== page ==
Travel Blogging 101: Finding Your Niche

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Jessica Peterson

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Five years ago blogging was a totally different ball game. There were fewer players and even fewer rules. Now there are millions of bloggers and readers have even shorter attention spans. The bar for bloggers is at its highest ever. This makes finding a niche absolutely essential. In fact, it’s the first step to starting a successful blog. I know, because I started a few unsuccessful blogs before I found my niche, quit my job, and started making more money blogging than I did working full-time.

WordPress, a popular blogging platform, reports that 42.6 million blog posts are created each month. Consider that your competition! Yes, blogging is about competition. Bloggers compete to keep readers engaged, which in turn attracts advertisers. Readers now expect bloggers to turn out content that is as good or better than mainstream publications.

Don’t Start a Chinese Restaurant in Chinatown

Think about starting a blog the same way a chef would think about starting a restaurant. Don’t start a Chinese restaurant in a town with hundreds of great Chinese restaurants. Do something that few are doing, or better yet, that no one is doing! Finding a unique niche is even more important than being an authority on the subject. Your knowledge of the theme can grow the more experience you have and the more research you do.

How can I find a niche in travel blogging?

But, you may say, there are already thousands of excellent travel blogs. How can I compete? That is the exact question you should be asking. The answer? Find a subject that has not been exploited to its full potential. Travel blogging isn’t just about creating postcards from beautiful destinations. Consider these sub-genres of travel blogging:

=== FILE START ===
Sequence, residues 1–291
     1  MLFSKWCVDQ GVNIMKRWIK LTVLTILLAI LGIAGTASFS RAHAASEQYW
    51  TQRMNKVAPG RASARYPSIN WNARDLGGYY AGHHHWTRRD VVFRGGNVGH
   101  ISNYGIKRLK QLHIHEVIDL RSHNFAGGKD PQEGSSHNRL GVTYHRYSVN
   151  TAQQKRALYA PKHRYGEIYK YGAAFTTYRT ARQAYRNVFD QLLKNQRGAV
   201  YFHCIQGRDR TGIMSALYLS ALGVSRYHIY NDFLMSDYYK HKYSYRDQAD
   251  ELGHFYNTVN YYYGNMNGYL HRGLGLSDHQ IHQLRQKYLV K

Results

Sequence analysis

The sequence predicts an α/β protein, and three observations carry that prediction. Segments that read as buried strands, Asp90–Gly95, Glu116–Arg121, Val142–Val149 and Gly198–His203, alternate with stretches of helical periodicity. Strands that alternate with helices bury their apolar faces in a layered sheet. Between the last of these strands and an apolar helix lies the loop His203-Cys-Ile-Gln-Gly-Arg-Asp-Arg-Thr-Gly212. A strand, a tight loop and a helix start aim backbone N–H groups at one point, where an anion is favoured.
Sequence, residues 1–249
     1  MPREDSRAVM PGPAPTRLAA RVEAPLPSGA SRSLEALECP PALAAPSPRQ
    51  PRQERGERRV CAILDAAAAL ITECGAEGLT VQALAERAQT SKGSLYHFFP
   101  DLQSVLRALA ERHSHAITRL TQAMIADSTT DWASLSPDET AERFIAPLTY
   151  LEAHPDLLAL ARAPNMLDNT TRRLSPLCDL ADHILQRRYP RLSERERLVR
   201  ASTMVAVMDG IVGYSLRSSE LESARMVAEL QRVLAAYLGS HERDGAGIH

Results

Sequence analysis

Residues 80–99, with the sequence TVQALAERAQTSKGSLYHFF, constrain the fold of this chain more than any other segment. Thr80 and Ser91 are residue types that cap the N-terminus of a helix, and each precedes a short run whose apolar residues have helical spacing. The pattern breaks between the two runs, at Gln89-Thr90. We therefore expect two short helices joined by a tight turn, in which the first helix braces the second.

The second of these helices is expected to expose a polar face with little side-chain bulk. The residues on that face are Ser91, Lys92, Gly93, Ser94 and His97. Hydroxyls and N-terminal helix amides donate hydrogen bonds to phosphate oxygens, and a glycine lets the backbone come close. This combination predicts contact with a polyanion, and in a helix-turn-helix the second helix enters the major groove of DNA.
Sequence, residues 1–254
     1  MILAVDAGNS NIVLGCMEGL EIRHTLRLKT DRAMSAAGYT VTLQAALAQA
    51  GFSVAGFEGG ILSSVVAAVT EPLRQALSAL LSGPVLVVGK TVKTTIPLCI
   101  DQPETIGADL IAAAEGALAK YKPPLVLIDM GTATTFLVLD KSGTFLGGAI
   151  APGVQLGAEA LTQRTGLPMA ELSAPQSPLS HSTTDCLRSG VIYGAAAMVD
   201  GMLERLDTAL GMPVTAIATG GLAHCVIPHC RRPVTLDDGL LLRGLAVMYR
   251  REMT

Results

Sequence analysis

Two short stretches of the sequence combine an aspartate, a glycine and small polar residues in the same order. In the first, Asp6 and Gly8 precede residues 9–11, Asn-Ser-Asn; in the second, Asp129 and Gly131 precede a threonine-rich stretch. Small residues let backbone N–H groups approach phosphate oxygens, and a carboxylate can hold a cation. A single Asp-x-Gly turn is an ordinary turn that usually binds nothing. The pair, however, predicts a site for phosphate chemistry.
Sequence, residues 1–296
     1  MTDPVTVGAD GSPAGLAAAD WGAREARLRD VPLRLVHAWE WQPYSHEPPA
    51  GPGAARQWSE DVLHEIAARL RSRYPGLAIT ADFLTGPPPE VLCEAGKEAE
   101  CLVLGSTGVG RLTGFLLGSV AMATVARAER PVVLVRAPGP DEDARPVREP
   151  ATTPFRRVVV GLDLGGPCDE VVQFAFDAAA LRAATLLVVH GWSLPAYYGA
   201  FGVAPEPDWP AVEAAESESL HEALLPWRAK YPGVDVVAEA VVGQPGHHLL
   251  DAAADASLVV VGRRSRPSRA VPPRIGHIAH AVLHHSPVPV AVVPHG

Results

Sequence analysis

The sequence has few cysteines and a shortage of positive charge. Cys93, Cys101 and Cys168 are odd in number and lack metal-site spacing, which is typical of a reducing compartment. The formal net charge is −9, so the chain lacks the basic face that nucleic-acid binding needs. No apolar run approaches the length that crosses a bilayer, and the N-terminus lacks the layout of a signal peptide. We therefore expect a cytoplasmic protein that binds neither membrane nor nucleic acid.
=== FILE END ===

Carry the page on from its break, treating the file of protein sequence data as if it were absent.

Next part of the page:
• Budget travel
  • Solo travel
  • Female travel
  • Travel photography
  • Adventure travel
  • Luxury travel
  • Around-the-world travel
  • Traveling for work
  • Food destinations
  • Music destinations
  • Off-the-beaten path travel
  • City or country guides

Let’s talk about the last one because that’s where I found success. Before I started Global Girl Travels, I created The Guam Guide. Can you believe in 2011 there was no guide to the U.S. Territory of Guam? I couldn’t either, so I quit my job at Guam Visitors Bureau to devote myself full-time to my blog. In less than four months, a local news station asked me to host a weekly TV segment based on my blog. Within a few years, The Guam Guide became a household name here on Guam. I believe a huge part of my success was that there was virtually no competition for an English language website about Guam (most were in Japanese).

In this day and age, it’s very difficult to start a totally unique blog about a subject that no one has covered, but I still recommend you push yourself to find a unique niche. Are you an expert on GoPro travel photography? Do you know Central America like the back of your hand? Have you stayed at every castle featured on the BBC?

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Even though I recommend having a very specific theme, it doesn’t mean you can’t expand your editorial content to include other topics. Blogging is like writing a symphony — even a 30-minute opus returns to the motif several times.

This is the part that you may not want to hear… Just as senseless as it would be to start a Chinese restaurant in Chinatown, that’s how much of an uphill battle it would be to blog about popular travel destinations. That being said, if your travel experience has been mostly mainstream, ‘niche’ it up. Everyone covers New York City, but are you an authority on Polish delis, Salsa clubs, or vintage shops? Can you share the perfect itinerary for 12 hours in NYC? Can you recommend something to do in all five boroughs?

And one final piece of advice on this subject, the last thing the travel blogging world needs is another picture of the Eiffel Tower. Now, get out there and be original!

Case Studies: Travel Blogs That Nail Their Niche

The Funnelogy Channel 

Couple travel from Brussels to Hong Kong strictly on land since April 2014, capturing the soul of each city. Expect honest portraits, mouthwatering food, and unexplored Middle Eastern destinations.

Classe Touriste

Belgian power couple showcase immaculate photography in uncommon destinations like North Korea, Bhutan, and Antarctica.

We Are 365 

Twentysomething sisters chronicle outfits in exotic places like Iceland and Istanbul. Come for the travel, stay for the hyperreal, yet dreamy photography.

See why finding a niche is so important for travel bloggers.

Are you a travel blogger? What’s your niche?

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Jessica Peterson
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Jessica Peterson